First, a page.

Start your sewing adventure with us.    Join Seamwork

Creating a More Colorful Quilting Community

This non-profit connects the modern quilting community across all colors, ages, genders, and backgrounds. An interview by Lori Caldwell.

The non-profit organization, Color of Connection Quilt was founded in the spring of 2020 because—according to its mission statement—founders Porfiria Gomez, Michelle Collins, and Keyana Richardson, “wanted to connect the modern quilting community, across all colors, ages, genders, and backgrounds. These three makers believed that, "where there was more colorful connection, there was more beauty to be celebrated not just in quilts, but also in our communities.”

Though based in Atlanta, Color of Connection is represented where each of its founders resides. Michelle is from Atlanta, Georgia, Porfiria is from Brooklyn, NY, and Keyana is from Columbus, Ohio. As they partner with other organizations, businesses, and venues in their own cities, their non-profit will hold workshops to teach young people how to sew and create their very own Color of Connection Quilt. As stated on their website, “they hope that these workshops will not only foster relationships and meaningful connection, but also teach self-efficacy and creativity.”

Coming from a strong quilting tradition in my own family (See my Seamwork article, My Grandma’s Hands: A Crafting Tradition with Purpose), I was immediately interested in what Color of Connection was all about and was eager to ask its founders a few questions and, hopefully, energize my own personal goal of re-introducing quilting back into my own sewing and crafting practice.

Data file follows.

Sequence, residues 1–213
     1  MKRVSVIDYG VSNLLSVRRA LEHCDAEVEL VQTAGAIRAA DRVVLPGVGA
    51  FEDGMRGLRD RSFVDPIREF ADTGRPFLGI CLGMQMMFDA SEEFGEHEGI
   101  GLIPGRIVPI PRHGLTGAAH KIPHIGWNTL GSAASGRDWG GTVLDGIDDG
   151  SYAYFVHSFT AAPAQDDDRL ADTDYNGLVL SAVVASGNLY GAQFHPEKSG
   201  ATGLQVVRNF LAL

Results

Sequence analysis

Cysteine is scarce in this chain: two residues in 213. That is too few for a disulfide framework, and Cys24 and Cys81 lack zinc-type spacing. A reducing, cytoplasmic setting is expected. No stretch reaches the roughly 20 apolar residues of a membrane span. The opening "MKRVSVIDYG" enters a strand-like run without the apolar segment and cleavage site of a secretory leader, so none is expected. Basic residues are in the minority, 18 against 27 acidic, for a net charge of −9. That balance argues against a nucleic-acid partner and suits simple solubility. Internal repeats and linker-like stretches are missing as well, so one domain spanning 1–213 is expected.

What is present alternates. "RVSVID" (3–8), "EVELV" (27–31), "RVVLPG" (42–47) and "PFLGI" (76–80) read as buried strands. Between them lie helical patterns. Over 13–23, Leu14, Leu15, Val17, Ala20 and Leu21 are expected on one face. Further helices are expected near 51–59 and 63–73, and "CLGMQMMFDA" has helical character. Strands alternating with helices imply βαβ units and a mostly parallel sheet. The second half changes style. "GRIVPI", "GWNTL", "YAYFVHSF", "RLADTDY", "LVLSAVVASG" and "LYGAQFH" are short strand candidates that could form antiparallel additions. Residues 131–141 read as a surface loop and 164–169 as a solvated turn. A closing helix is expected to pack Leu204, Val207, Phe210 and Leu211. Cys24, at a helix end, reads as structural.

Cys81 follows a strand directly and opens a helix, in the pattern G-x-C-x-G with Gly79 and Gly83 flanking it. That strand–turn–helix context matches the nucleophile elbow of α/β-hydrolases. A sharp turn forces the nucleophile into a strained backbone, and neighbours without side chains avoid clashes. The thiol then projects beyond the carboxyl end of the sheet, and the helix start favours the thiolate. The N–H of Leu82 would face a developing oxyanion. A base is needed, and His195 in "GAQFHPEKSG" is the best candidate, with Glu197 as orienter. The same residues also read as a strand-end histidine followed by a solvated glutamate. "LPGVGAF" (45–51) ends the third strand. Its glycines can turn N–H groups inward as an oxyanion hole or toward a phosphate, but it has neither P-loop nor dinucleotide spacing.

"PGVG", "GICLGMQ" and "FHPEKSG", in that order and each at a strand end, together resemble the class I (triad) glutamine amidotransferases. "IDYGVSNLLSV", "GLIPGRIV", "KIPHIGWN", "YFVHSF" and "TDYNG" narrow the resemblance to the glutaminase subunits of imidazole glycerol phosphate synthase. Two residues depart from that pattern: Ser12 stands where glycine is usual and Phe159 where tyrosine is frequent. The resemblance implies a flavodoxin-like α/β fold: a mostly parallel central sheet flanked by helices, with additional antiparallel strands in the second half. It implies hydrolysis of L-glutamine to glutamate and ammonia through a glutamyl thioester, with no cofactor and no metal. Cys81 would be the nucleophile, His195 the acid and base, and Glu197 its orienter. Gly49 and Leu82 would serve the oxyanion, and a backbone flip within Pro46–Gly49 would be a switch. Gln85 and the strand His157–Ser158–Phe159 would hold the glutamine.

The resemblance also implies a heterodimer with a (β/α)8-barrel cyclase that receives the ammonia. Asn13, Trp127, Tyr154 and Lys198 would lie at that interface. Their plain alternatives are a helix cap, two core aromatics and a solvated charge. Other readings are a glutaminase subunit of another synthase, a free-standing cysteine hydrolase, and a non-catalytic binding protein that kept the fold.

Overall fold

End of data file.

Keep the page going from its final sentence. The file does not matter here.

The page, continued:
How did the idea for Color of Connection begin between the three of you?

It began when we all noticed a common issue. The common issues are the injustices that people of color are experiencing and the lack of representation of people of color in the modern quilting world.

There has definitely been a lot of conversation around the lack of representation in the sewing and crafting community recently, and so many groups have formed—I can’t help but think of Black Makers Matter, for example.

How did this initial motivation to do something to change the way people of color are seen—or rather, not seen—inspire you all?

We were inspired and motivated to showcase the common connection that we all share—which is quilting. We want to emphasize how the three of us connected through our love of quilting. We also want to be an inspiring factor to others so that they can form a lasting bond with another quilt-loving stranger. The objective is to have quilting be the “icebreaker,” so to speak.

Imagine the entire quilting community telling the stories of their quilts to each other. With everyone sharing, it would indeed be like an extended family.

Why quilting? What is it about this specific sewing and crafting tradition that you think is important?